9 June, 2019 Things with wings
Here’s one “thing with wings” – a Purple Martin (Progne subis) – holding another “thing with wings” – a recently deceased male Common Whitetail Skimmer (Libellula lydia). This was yesterday (Saturday, 6/8/2019) at Bryan Park at noon. I believe the Purple Martin is a female, but it could be a first year male. Purple Martins only eat flying insects – no seeds, no ants, no caterpillars, minnows, ticks, flowers, leaves, worms, snails – only flying insects. So check this out:
I took this one just seven minutes later on top of the same house. For all I know she’s in this crowd. I count five purple martins in this picture. Three of them have winged insects in their mouths. I pinch myself at my good luck every time I’m fortunate enough to witness something like this:
These images are, from a human (mammal) perspective easy to look at. I’ve also photographed snakes eating fish which is also just (for me) curiosity inducing. I photographed a Cooper’s Hawk with a dead starling and a Red-tailed hawk with a dead rabbit. Those were harder to look at than dead dragonflies and fish, but not terribly upsetting. But last year I zoomed in for a crisp image of a Red-tail on a branch with a young chipmunk it had just killed. It was amazing how sad that was – I would never have posted it on this blog (or anywhere else). That little chipmunk looked so forlorn. But it’s no different! A purple martin killing a dragonfly is trying to feed itself and its young – same as a Redtail killing a chipmunk. Survival of the fittest. It is never pretty.
Monday at Bryan Park at around 1:30 I photographed this fledgling Purple Martin. The light was great and it was out in the open – I like this image:
I regret that I was unable to get a male purple martin standing on top in good light, but this will have to suffice. Their rich, glossy adult plumage looks good in any light, even “behind bars.” Adolph White put up the martin houses at Bryan Park several years ago. Cooper’s Hawks (Accipiter cooperii) would camp out (in a manner of speaking) in the big oak trees overlooking the martin houses and pick off unsuspecting purple martins at will. That will drive a nesting site right out of business, so Adolph put up that wire to foil the hawks. The colony is thriving.
This time of year, bugs and insects are also thriving, and with its generous lakes and streams, Bryan Park provides a home for untold thousands. Or millions. The purple martins are fat and well fed and healthy, and there are plenty of insects to feed their offspring. On the same day (Monday) that I photographed the purple martin fledgling, I also saw two toads – who eat even more insects, though probably not as many of the flying variety. Here are two pictures I took. I think they’re both Fowler’s Toads (Anaxyrus fowleri) but I am not an expert at toad ID. They may also be American Toads (Anaxyrus americanus). If someone knows which is which, put a comment in the comments section at the bottom of the blog or shoot me an email. I’ll credit you!
I saw this one around 1:30 and the second one about fifteen minutes later:
I believe they are just two different color variations of the same type of toad. But don’t take my word for it.
The raptors have been either hiding out or everywhere I turn this year. This week they were everywhere I turned. I think the young are getting really big and there’s no room in the nest, and I also think the young are learning to fly. I’m noticing details I was unaware of when I began this mildly obsessive hawk pursuit around four years ago. Now the youngsters look gangly and unsteady and carry themselves in a manner common to adolescents of (I suspect) every living animal. Adult red-tails are gracefulness and economy of movement made flesh; they don’t waste even the slightest movement. But adolescent red-tails have angles and bones protruding where angles and bones shouldn’t protrude, and they tip when they move around on a perch. I don’t think adults even move around on a perch. They just land, and sit and watch for a while, then they fly again.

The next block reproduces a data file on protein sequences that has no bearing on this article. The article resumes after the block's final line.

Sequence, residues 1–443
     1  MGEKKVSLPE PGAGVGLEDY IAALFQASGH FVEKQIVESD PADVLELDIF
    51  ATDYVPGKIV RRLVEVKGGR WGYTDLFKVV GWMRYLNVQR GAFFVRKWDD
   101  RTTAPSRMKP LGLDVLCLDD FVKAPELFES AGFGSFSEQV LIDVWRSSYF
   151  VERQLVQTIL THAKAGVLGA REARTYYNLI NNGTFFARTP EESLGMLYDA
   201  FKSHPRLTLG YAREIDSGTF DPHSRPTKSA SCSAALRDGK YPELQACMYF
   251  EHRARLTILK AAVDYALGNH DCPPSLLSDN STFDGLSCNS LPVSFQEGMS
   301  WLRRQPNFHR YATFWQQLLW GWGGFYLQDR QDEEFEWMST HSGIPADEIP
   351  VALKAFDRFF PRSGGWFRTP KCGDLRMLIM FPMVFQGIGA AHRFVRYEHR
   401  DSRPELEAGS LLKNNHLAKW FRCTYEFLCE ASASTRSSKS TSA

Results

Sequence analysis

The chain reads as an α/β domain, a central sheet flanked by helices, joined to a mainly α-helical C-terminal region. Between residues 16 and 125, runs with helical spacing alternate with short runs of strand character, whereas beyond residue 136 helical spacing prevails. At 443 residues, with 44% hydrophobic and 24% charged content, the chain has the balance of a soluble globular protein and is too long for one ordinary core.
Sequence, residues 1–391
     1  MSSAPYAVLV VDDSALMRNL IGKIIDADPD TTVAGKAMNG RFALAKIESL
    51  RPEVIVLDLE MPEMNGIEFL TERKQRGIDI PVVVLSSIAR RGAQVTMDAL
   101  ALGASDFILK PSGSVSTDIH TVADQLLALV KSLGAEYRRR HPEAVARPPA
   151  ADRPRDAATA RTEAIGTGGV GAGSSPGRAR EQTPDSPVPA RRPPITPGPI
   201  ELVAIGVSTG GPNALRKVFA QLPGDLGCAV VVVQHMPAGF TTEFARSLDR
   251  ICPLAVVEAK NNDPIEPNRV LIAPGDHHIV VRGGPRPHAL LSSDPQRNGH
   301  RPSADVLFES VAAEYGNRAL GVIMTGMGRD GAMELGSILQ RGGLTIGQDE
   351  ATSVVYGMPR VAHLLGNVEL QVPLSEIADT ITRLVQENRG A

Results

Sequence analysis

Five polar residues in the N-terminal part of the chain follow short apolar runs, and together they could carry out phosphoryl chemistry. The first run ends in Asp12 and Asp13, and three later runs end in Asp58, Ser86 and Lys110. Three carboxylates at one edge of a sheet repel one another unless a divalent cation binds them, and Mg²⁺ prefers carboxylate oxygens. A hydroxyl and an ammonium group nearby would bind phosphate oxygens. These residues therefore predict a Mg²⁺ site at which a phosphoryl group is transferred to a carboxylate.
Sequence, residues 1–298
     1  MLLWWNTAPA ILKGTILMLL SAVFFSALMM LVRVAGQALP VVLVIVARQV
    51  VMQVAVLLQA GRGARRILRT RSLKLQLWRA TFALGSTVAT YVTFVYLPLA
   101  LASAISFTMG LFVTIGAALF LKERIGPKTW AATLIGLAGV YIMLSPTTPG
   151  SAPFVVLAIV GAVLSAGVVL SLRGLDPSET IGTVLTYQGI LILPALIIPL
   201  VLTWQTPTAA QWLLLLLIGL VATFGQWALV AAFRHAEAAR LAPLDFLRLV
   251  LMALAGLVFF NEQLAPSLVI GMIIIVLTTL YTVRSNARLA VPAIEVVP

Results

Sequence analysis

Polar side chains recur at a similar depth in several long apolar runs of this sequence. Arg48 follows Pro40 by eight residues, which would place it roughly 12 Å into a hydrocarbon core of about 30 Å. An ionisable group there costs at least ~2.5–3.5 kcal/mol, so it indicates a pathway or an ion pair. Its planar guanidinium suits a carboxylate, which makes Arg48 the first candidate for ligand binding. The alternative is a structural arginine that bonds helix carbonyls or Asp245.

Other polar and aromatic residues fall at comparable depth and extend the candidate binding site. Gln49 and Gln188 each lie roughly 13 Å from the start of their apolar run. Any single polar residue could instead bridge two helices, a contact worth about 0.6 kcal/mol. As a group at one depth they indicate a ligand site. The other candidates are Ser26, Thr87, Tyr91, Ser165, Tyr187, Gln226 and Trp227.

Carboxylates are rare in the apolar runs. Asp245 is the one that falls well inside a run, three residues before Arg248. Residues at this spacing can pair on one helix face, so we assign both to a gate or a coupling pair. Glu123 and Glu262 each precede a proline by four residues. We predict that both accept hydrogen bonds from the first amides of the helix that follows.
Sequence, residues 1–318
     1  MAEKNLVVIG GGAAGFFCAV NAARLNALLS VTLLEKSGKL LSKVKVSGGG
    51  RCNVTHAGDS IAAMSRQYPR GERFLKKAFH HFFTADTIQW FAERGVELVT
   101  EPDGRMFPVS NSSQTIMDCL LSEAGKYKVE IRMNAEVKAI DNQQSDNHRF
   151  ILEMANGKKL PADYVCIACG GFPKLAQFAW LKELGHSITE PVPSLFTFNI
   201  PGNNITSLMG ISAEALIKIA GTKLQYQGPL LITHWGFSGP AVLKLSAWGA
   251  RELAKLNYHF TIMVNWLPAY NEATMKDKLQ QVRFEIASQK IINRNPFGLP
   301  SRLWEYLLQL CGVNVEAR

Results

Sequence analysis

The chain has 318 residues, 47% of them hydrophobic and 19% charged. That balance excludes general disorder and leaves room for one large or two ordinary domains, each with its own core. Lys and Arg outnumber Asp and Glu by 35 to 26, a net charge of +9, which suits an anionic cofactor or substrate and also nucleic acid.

I got a lot of pictures of Red-tails this week, but none were particularly memorable. Here are two from Thursday; same bird. You can see in the second picture how awkward and uncertain it is. Adults never (from what I’ve seen) contort themselves in quite this fashion). Adolescent red-tail perched:
When a bird (or a deer, snake, turtle, chipmunk, anything) makes an impression on me like that, I make long notes. Here’s what I wrote to myself about that bird on Thursday: “I think it’s young, they don’t look strong or confident, they look skinny and uncertain, like a 13 y.o. boy, or anyway like I was when I was a 13 y.o. boy. A great deal of what is obviously wasted motion/energy – they’re inefficient. They’ll learn.”
I get red-tailed hawks on church crosses a lot – more than any other bird by far – and from time to time a red-shouldered hawk. One day this week I saw a red-shouldered hawk on a church cross from a long way away:
I hiked around for ninety minutes and came back. The hawk left and this Black vulture (Coragyps atratus) landed on the same cross, other side. My first ever Black vulture on a church cross:
I was glad we hiked yesterday; today was a rainout. My grass is sure green and lush for the second week in June. Hopefully a few more pictures next week!
PS I nearly forgot – RAAM, the Race Across America begins Tuesday, 6/11/2019 in Oceanside, CA. It begins at 12:00 noon Pacific Daylight time, or 3:00 PM Eastern Daylight time. The record finish time is just under eight days, so the winner (it’ll be Christoph Strasser unless he crashes) will cross the finish line in Annapolis, MD sometime near midday on Wednesday, 6/19/2019. Teams may finish ahead of him, but no individual racer will even be in the same time zone – seriously – when he finishes. Check in on it sometime – it is a feat of human endurance unlike any I’m aware of. Have a great week!